For most of the last century, the world’s shipping industry depended on the Panama Canal. Today, the survival of that 20th-century engineering marvel is threatened by rapid air transport and the use of massive cargo ships too large to navigate its locks. By upgrading ports and container terminals, improving rail and air transport, and expanding duty-free zones, the Panamanian government and foreign investors hope to leverage the waterway as the centerpiece of a new trade center that will revitalize the Canal Zone and Panama’s struggling port cities.

About 1,400 ships still transit the canal every year, 350 of which are cruise ships. The waterway transported 196 million tons of cargo in 1999 and generated of tolls $569 million, accounting for 7.4% of Panama’s GDP. Due in part to US control of the waterway and surrounding areas however, Panama was never able to profit much from the passing ships. In fact, in the words of one writer, Panama had become “the world’s first drive-through country.”

Since taking full control of the Panama Canal in December 1999, Panama has set out to boost its status as the Americas’ transportation hub. Perhaps the country can now retain some of the prosperity derived from that role. The country wants to attract foreign investment and new jobs, transforming the former Canal Zone into Latin America’s premier distribution and re-exportation center. The government expects investment in Panama’s multi-modal distribution center to reach $1.1 billion. To date, $410 million have been invested in ports on the Caribbean side alone.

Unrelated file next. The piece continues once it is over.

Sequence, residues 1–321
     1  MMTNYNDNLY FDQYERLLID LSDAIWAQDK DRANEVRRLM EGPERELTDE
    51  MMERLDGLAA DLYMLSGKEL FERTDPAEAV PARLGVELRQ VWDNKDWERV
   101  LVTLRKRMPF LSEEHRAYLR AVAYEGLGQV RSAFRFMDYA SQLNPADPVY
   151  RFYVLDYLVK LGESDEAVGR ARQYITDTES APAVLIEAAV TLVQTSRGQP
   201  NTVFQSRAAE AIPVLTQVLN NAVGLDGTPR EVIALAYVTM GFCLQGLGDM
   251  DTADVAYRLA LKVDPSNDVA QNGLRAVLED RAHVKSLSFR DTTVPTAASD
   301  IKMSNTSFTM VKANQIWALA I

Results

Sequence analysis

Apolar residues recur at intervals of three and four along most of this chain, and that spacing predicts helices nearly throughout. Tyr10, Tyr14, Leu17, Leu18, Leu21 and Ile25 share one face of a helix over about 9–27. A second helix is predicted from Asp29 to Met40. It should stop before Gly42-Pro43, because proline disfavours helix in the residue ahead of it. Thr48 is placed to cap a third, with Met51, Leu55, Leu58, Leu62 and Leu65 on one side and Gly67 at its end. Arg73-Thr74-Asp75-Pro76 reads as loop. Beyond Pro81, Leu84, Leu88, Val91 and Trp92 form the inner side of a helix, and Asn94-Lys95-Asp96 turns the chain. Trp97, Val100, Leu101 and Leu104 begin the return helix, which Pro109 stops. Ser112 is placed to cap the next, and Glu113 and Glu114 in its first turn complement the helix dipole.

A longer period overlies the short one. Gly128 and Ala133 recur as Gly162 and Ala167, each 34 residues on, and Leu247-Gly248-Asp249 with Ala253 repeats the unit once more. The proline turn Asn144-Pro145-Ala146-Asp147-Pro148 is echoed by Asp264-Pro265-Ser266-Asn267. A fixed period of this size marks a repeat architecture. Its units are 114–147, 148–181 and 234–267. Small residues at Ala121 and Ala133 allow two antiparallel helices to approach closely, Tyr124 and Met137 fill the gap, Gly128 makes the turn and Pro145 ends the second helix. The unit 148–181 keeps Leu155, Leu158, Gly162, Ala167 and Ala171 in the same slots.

The multi-modal center has four main areas of concentration: maritime, land, air, and railroad. “The Free Zone is one of the largest participants in the importation and re-exportation system, importing, assembling, and re-exporting merchandise,” says Sae Ahn Park, legal advisor to Panama’s Colón Free Zone, the world’s largest duty-free zone after Hong Kong.

Panama’s Free Zone is located on the Caribbean coast in Colón, the country’s second-largest city. Companies can import, assemble, and re-export merchandise there with no tax penalties. The Davis Export Processing Zone, for example, imports raw materials and exports manufactured products such as glassware, blue jeans, umbrellas, lighters and auto parts.

A Key Income SourceThe free zone is an important source of income for Panama, hosting 1,350 international trading companies that employ about 1,400 workers. The zone imports $4 billion worth of merchandise and re-exports $4.8 billion. Its activity accounts for more than 9.5% of Panama’s GDP. Foreign and local investors are constructing three other export-processing zones in the Caribbean port area, aiming to attract light industries, assembly plants and seafood processing centers.